I impress upon you the necessity of action and energy. Follow any trail and all trails of hostile or suspected hostile Indians you may discover and, if possible, overtake and chastise them if unfriendly.
Texas Governor Hardin Richard Runnels dispatched those instructions on Jan. 28, 1858, to John Salmon “Rip” Ford, his newly chosen senior captain of the Texas Rangers, so there would be no mistaking the governor’s desires for an expedition into Comancheria. All through the summer of 1857 Comanche raiders had terrorized the Texas frontier, burning homesteads and killing settlers. Although protection from such raids was a federal responsibility, the U.S. Army was found wanting, primarily because it pitted mounted infantrymen against warriors on fleet Indian ponies. Texas already had state troops in the field, but not enough to patrol the vast frontier line. Rumors had spread the Comanches planned a major invasion. They had mounted such large-scale raids before in Texas, the most infamous being the Great Raid of 1840, when Chief Buffalo Hump’s Comanches fought and burned their way to the Gulf of Mexico.
Governor Runnels had decided the only way to check the Comanches was to send Texas Rangers on a preemptive strike over the border into the heart of Comancheria without federal permission. Rip Ford seemed the perfect choice to head such a force. He had fought with the Texas Mounted Rifles during the Mexican War, earning the nickname “Rip” for his habit of scrawling “Rest in peace” beside the name of each deceased when compiling company casualty lists. In 1849 he’d signed on as a captain with the Texas Rangers, and for the next two years his company had fought hostile Indians along the Rio Grande. Ford had then taken a six-year hiatus to pursue political and civilian ventures before Runnels appointed him senior captain of all the Rangers in January 1858, tasking him with running down the Comanches.
Born in South Carolina on May 26, 1815, and raised in Tennessee, John Salmon Ford moved to Texas in 1836, where he practiced medicine and studied law. By 1858 the blue-eyed Ford was a soft-spoken lawyer and newspaper editor who studied the Bible every night and taught Sunday school, though he retained the reputation of a fighting man. His battles against the Comanches had already cost him a finger from his right hand and a wound from a poisoned arrow that still bothered him.
Wanting to give Ford as much of an edge as possible, Runnels requested a supply of newly arrived Colt 1851 Navy revolvers from U.S. Army Brevet Maj. Gen. David Twiggs, commander of the Department of Texas. Twiggs refused, insisting he would not issue the pistols unless Ford’s men were placed under federal command. Federal oversight was the last thing Ford wanted, as he planned to hit the Nokoni band as hard as he could deep in federally controlled Indian Territory (present-day Oklahoma)—well outside Texas’ jurisdiction.
To carry supplies and transport the wounded, Ford planned to bring along two light wagons and an ambulance under the command of his formidable 73-year-old father, Ranger Captain William Ford. The younger Ford packed plenty of dry powder and blankets at the expense of foodstuffs. The men would subsist on buffalo and rabbit meat, while the horses would eat what grass they found. Though the party was well armed, from the outset Ford knew he did not have enough men. For the remainder of the winter he made camp near the Brazos Agency—a reservation for the many small bands of Indians still in Texas, then under the supervision of Captain Shapley Ross. His hope was to entice the various reservation tribesmen to march against their mutual enemy come spring. A final necessity was a good scout, one with intimate knowledge of the Comanches and their country. For that he recruited Keechi, who had lived with the Comanches, the Nokonis in particular.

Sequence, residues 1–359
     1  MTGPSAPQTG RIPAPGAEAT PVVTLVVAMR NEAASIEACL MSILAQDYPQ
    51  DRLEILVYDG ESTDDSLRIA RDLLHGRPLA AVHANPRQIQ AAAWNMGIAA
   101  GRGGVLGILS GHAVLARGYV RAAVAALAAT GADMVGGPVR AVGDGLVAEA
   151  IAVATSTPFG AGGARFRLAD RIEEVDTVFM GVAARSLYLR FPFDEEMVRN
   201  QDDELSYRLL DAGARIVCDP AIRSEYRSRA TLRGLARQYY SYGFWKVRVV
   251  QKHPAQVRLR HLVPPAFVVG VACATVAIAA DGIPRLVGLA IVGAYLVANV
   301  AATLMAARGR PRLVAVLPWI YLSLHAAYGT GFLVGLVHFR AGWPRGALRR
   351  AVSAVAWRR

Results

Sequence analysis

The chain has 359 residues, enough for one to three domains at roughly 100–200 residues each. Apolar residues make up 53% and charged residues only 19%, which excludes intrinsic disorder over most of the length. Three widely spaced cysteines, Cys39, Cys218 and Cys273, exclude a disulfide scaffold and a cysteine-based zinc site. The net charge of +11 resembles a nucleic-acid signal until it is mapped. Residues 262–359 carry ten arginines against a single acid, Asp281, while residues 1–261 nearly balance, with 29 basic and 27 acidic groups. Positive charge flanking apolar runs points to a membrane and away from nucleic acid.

While Keechi was out scouting for the enemy, Ford trained his raw recruits in Comanche tactics. He likely warned them the enemy might feign retreat only to suddenly turn and fight, and that while enemy warriors were adept at firing from horseback, they readily engaged in hand-to-hand combat. Keechi returned to camp in April. He had discovered the Nokoni villages along a bend of the Canadian River near the Antelope Hills. Ford had his target. On April 22 he led his party of 102 Rangers north toward the Red River. At Cottonwood Springs, just south of the river, Captain Ross arrived at the head of a motley group of 113 reservation warriors, representing the Tonkawa, Caddo, Waco, Shawnee, Delaware and Tawakoni nations.
On April 29 Ford crossed the Red River into Indian Territory. He ordered his scouts to fan out anywhere from 15 to 20 miles and patrol in a revolving circle around the party—an early-warning system against surprise attack. Ranging beyond state boundaries without federal permission, Ford’s force was on its own.
As Ford relentlessly pushed his Rangers and their Indian allies north, they passed through buffalo herds and shot and slaughtered enough of the animals to eat well. On May 10 scouts killed a buffalo and were surprised to find Comanche arrowheads buried deep in fresh wounds. They were close, but how close? The next day one of the scouts spied a group of Comanche hunters running buffalo. When the slaughter was over, Keechi stealthily followed Comanche pack animals loaded down with fresh meat. As darkness fell, Ford sent out other scouts to find Keechi, but they could not. Ford had hoped to hit the Comanches in the night, but without Keechi’s intelligence, he would be marching blindly. He feared the Nokonis would find him first.
As light tinged the horizon on May 12, Ford woke his command. The reservation Indians wrapped white cloth bandages around their heads, so the Rangers would not accidentally shoot them in battle. As they did so, Keechi finally rode in to report the location of one small village and a second larger village farther out.
Advancing 6 miles, the Rangers reached the small village of five lodges at 7 a.m., and Ford ordered a charge. As the Rangers rode in, two mounted Comanches raced off toward the larger village. While the Rangers and most of the reservation Indians under Ross took off in pursuit, the Tonkawas stopped to loot, kill and take horses. Riding slightly ahead of the Rangers, their Indian allies forded the river and came on a Tenawa Comanche camp. Some 350 enemy warriors poured from the lodges, prepared to fight. To lull the Comanches into thinking they faced only other Indians, Ford held his Rangers in check just out of sight. He then directed Ross to send their Indian allies against the village.